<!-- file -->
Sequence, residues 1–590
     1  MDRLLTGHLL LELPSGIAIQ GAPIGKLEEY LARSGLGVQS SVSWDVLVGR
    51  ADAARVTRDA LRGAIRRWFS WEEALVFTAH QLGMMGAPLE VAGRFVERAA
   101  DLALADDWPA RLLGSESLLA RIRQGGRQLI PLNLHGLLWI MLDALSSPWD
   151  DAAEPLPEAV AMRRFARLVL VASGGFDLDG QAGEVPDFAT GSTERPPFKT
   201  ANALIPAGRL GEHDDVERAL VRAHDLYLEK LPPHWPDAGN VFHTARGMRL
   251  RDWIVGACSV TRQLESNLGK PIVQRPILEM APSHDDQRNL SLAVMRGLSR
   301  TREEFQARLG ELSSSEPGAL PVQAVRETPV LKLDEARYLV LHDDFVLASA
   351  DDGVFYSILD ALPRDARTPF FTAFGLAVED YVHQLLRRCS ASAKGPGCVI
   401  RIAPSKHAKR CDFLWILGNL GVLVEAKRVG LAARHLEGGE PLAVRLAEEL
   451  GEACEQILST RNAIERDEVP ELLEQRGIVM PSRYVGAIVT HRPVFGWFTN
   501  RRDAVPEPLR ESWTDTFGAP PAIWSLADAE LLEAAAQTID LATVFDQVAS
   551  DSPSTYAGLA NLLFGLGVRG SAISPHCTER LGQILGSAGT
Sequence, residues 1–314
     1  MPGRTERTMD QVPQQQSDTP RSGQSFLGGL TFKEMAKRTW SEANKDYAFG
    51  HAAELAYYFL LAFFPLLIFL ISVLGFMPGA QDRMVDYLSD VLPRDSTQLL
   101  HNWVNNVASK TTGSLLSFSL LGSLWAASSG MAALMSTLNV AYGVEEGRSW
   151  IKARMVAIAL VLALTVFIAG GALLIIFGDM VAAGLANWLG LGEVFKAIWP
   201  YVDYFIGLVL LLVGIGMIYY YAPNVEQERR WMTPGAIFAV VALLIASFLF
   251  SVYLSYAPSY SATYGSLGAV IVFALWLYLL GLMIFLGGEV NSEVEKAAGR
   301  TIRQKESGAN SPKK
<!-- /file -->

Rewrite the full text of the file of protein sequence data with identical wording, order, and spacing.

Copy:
Sequence, residues 1–590
     1  MDRLLTGHLL LELPSGIAIQ GAPIGKLEEY LARSGLGVQS SVSWDVLVGR
    51  ADAARVTRDA LRGAIRRWFS WEEALVFTAH QLGMMGAPLE VAGRFVERAA
   101  DLALADDWPA RLLGSESLLA RIRQGGRQLI PLNLHGLLWI MLDALSSPWD
   151  DAAEPLPEAV AMRRFARLVL VASGGFDLDG QAGEVPDFAT GSTERPPFKT
   201  ANALIPAGRL GEHDDVERAL VRAHDLYLEK LPPHWPDAGN VFHTARGMRL
   251  RDWIVGACSV TRQLESNLGK PIVQRPILEM APSHDDQRNL SLAVMRGLSR
   301  TREEFQARLG ELSSSEPGAL PVQAVRETPV LKLDEARYLV LHDDFVLASA
   351  DDGVFYSILD ALPRDARTPF FTAFGLAVED YVHQLLRRCS ASAKGPGCVI
   401  RIAPSKHAKR CDFLWILGNL GVLVEAKRVG LAARHLEGGE PLAVRLAEEL
   451  GEACEQILST RNAIERDEVP ELLEQRGIVM PSRYVGAIVT HRPVFGWFTN
   501  RRDAVPEPLR ESWTDTFGAP PAIWSLADAE LLEAAAQTID LATVFDQVAS
   551  DSPSTYAGLA NLLFGLGVRG SAISPHCTER LGQILGSAGT
Sequence, residues 1–314
     1  MPGRTERTMD QVPQQQSDTP RSGQSFLGGL TFKEMAKRTW SEANKDYAFG
    51  HAAELAYYFL LAFFPLLIFL ISVLGFMPGA QDRMVDYLSD VLPRDSTQLL
   101  HNWVNNVASK TTGSLLSFSL LGSLWAASSG MAALMSTLNV AYGVEEGRSW
   151  IKARMVAIAL VLALTVFIAG GALLIIFGDM VAAGLANWLG LGEVFKAIWP
   201  YVDYFIGLVL LLVGIGMIYY YAPNVEQERR WMTPGAIFAV VALLIASFLF
   251  SVYLSYAPSY SATYGSLGAV IVFALWLYLL GLMIFLGGEV NSEVEKAAGR
   301  TIRQKESGAN SPKK